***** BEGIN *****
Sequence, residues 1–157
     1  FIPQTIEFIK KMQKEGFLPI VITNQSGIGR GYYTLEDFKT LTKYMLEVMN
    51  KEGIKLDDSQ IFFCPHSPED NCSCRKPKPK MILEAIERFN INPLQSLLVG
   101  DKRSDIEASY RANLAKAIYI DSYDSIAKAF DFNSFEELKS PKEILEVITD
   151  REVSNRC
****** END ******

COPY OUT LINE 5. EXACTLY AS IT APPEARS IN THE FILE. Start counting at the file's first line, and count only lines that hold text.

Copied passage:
   151  REVSNRC